Fox: Idol’s real problem is its kids

Fox CEO Peter Rice admitted the show needs to do a better job of casting

Peter Rice, Chairman and CEO, FOX Networks Group (Photo by Dan Steinberg/FOX)

Peter Rice, Chairman and CEO, FOX Networks Group (Photo by Dan Steinberg/FOX)

Fox Networks chair and CEO Peter Rice was very candid with TV critics about the American Idol, the broadcast network’s former crown jewel, and its strengths and weaknesses. He said the network is happy with the ratings (“it’s still a very strong show for us”) and its new creative direction (“we felt really good about the production”), but admitted it is “aging gracefully” and has “played musical chairs in the last few years with the judges.”

The remaining problem, Rice said, is the show’s cast:

“If I have a criticism of the show for us last year, it is that we haven’t found, in the last two years, a group of kids who have captured the imagination of the public. They’ve been really talented kids, but for whatever reason, there hasn’t been that catalyst behind the show. And going into this year, how do we focus on that and not get wrapped up in this constant conversation about who should be the judges and whether they’ve done a good job.”

Yes. That. A perfect cast won’t make the show number one all over again, but it will really help. It’s been several seasons since there has been a breakout, memorable character, whether that’s a Carrie Underwood or a Sanjaya. Not every contestant can be Clay Aiken or Kelly Pickler, but there need to be some big, bright personalities in the mix.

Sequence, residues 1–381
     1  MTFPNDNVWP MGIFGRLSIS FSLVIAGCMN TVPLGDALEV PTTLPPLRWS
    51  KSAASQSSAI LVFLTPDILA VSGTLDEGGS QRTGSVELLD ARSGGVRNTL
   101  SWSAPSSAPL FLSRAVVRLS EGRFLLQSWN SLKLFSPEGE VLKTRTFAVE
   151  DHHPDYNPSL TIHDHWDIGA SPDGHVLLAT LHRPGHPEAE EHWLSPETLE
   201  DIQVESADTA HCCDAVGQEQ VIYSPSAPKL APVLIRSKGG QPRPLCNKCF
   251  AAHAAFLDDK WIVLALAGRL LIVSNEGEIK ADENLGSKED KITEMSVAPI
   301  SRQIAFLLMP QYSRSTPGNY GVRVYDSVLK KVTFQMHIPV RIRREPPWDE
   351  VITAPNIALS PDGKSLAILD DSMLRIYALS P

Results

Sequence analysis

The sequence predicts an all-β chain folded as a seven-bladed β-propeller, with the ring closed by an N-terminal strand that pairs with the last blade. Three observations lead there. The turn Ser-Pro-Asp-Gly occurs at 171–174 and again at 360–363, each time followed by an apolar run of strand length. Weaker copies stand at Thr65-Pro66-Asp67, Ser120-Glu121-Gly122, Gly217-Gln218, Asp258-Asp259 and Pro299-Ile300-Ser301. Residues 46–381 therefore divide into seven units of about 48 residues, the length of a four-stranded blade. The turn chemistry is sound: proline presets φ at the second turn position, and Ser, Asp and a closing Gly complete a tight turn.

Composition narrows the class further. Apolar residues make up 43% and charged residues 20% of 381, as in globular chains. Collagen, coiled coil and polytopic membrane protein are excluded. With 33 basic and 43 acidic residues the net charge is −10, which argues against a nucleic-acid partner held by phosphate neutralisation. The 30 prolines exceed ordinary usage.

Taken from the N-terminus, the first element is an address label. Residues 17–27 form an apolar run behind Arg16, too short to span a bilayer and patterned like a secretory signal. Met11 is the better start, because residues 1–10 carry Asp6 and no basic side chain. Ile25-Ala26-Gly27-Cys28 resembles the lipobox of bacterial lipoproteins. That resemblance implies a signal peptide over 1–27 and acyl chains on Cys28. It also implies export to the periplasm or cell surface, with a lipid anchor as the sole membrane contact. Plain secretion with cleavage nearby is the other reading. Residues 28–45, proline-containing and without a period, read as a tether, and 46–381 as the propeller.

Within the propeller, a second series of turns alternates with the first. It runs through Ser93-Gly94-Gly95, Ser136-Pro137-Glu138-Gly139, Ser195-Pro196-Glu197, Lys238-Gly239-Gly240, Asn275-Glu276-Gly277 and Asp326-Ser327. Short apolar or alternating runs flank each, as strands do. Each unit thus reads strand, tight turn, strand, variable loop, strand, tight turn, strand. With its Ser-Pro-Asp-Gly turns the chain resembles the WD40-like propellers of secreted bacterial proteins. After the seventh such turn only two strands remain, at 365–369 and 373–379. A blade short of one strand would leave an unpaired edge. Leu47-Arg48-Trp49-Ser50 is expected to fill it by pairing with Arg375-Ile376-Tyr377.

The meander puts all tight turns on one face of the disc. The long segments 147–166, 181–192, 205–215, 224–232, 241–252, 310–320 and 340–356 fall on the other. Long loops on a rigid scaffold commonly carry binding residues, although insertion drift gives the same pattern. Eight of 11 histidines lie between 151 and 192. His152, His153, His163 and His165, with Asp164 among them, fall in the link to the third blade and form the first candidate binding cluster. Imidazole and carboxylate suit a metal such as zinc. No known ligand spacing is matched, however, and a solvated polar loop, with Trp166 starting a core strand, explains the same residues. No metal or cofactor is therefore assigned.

For better or worse, Idol is not about the chemistry between the judges in the same way The Voice is, which is why the NBC show can still thrive despite not having any memorable contestants. Idol can’t.

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about the writer

Andy Dehnart is a journalist who has covered reality television for more than 15 years and created reality blurred in 2000. A member of the Television Critics Association, his writing and criticism about television, culture, and media has appeared on NPR and in Playboy, Buzzfeed, and many other publications. Andy, 36, also directs the journalism program at Stetson University in Florida, where he teaches creative nonfiction and journalism. He has an M.F.A. in nonfiction writing and literature from Bennington College. More about reality blurred and Andy.